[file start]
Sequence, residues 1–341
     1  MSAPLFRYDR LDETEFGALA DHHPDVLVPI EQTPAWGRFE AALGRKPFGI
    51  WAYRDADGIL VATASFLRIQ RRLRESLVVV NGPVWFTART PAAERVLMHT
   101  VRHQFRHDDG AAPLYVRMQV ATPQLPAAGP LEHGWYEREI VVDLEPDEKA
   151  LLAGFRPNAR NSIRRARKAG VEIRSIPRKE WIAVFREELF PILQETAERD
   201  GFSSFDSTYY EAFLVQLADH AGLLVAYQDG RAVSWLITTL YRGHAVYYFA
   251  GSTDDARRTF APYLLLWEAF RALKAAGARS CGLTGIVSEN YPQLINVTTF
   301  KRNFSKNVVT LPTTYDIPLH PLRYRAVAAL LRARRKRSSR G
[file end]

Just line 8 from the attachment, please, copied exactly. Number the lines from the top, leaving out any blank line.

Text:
   301  KRNFSKNVVT LPTTYDIPLH PLRYRAVAAL LRARRKRSSR G